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- Feb 7, 2012

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Hi goody , and welcome to MHB!Hi, can anybody help me with this two limits? I have to prove them by the definition of limit. Thank you in advance.

To prove that \(\displaystyle \lim_{x\to\infty}\frac{x-1}{x+2} = 1\), you have to show that, given $\varepsilon > 0$, you can find $N$ such that \(\displaystyle \left|\frac{x-1}{x+2} - 1\right| < \varepsilon\) whenever $x>N$.

So, first you should simplify \(\displaystyle \left|\frac{x-1}{x+2} - 1\right|\). Then you should see how large $x$ has to be in order to make that expression less than $\varepsilon$.

To prove that \(\displaystyle \lim_{x\to-1}\frac{-1}{(x+1)^2} = -\infty\), you have to show that, given $M$, you can find $\delta>0$ such that \(\displaystyle \frac{-1}{(x+1)^2} < -M\) whenever $|x+1| < \delta$. That is actually an easier calculation than the first one, so you might want to try that one first.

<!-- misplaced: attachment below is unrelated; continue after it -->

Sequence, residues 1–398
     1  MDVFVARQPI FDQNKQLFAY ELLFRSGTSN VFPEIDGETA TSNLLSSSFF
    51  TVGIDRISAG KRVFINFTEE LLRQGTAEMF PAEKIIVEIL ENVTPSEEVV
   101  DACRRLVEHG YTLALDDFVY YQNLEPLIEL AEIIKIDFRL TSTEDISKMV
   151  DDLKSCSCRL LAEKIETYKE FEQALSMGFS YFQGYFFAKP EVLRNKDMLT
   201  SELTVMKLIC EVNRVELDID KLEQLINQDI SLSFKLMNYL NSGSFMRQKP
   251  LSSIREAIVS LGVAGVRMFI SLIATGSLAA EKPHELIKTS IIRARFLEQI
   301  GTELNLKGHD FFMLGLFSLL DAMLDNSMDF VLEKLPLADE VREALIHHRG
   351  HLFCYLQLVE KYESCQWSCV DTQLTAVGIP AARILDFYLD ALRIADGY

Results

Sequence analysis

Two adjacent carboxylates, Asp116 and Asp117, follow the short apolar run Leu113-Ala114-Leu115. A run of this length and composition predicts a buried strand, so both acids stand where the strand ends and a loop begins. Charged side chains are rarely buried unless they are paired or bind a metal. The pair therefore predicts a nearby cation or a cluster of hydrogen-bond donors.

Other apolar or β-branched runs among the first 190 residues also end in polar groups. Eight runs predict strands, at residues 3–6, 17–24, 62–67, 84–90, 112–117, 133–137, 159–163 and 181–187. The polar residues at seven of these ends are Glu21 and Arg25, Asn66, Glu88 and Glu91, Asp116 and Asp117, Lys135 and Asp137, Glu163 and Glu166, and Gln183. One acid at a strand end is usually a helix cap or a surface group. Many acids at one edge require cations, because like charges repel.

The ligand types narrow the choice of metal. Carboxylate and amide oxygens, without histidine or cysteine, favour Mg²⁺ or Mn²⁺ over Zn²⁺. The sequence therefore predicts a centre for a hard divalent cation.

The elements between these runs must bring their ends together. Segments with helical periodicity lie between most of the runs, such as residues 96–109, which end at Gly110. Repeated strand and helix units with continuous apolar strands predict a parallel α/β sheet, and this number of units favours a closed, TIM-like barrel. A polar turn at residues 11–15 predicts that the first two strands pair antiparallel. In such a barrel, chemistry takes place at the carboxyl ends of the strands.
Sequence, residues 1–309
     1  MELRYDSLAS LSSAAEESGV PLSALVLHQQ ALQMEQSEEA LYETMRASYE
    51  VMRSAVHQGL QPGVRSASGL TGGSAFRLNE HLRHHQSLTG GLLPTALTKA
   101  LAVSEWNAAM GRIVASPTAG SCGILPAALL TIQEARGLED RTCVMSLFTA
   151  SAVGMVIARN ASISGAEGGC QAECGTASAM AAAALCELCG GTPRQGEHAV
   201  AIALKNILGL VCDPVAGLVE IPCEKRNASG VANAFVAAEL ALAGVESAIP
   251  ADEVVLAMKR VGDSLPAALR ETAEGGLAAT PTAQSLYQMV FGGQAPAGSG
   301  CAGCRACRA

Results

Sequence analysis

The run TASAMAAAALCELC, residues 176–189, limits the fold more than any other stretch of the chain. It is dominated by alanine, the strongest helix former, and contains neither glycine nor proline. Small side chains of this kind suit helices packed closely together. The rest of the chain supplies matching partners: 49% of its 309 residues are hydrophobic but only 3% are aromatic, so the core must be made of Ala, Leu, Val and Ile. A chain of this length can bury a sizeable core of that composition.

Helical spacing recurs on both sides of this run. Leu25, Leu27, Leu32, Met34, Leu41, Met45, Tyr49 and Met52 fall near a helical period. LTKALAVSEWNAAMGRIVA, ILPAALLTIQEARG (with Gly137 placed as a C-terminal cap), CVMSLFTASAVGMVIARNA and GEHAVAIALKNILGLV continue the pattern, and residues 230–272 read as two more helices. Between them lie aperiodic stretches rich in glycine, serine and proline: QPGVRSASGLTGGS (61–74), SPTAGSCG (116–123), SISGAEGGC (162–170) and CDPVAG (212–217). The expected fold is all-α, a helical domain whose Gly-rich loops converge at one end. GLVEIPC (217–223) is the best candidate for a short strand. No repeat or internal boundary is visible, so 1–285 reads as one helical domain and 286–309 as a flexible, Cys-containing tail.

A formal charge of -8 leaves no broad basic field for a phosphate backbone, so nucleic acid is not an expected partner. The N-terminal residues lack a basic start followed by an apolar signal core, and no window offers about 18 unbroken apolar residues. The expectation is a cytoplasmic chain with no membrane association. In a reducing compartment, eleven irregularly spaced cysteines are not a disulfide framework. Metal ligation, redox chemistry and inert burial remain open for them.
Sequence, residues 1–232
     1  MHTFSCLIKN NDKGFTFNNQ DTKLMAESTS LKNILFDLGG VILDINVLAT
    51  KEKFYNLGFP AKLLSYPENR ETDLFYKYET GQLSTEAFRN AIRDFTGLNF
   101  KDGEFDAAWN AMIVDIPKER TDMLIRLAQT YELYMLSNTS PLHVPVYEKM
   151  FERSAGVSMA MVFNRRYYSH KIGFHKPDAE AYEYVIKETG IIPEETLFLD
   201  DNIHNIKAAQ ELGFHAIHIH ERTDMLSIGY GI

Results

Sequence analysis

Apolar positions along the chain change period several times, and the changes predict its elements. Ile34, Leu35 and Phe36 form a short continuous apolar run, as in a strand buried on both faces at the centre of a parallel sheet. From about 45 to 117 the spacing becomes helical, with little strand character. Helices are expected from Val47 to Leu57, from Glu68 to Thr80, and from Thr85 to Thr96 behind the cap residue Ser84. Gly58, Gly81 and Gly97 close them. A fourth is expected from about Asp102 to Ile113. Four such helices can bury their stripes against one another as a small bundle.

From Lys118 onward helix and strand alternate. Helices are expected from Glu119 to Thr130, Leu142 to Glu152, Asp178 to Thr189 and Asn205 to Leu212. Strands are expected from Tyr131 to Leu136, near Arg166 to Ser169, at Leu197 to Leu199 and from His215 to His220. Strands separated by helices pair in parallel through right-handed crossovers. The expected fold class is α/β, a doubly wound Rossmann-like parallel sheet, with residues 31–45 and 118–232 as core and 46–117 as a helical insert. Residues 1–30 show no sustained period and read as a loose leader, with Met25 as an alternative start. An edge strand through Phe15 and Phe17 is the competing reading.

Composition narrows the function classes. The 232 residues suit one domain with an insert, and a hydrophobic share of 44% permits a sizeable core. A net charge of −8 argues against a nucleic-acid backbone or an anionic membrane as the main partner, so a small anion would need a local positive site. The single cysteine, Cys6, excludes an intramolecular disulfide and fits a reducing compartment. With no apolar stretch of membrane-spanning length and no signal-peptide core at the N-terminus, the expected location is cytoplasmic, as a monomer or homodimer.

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Not quite, although you started correctly. The limit in this case is as $x\to\infty$, so you want to see what happens when $x$ gets large. This means that the inequality $\dfrac3{|x+2|}<\varepsilon$ has to hold for all $x$ greater than $N$ (where you think of $N$ as being a large number).HiOpalg! Do you think I got it correct?

Write the inequality as $|x+2| > \dfrac3\varepsilon$, and you see that this will be true if $x > \dfrac3\varepsilon -2$. So you can take $N = \dfrac3\varepsilon -2$. More simply, you could take $N = \dfrac3\varepsilon$, which will satisfy the required condition with a bit to spare.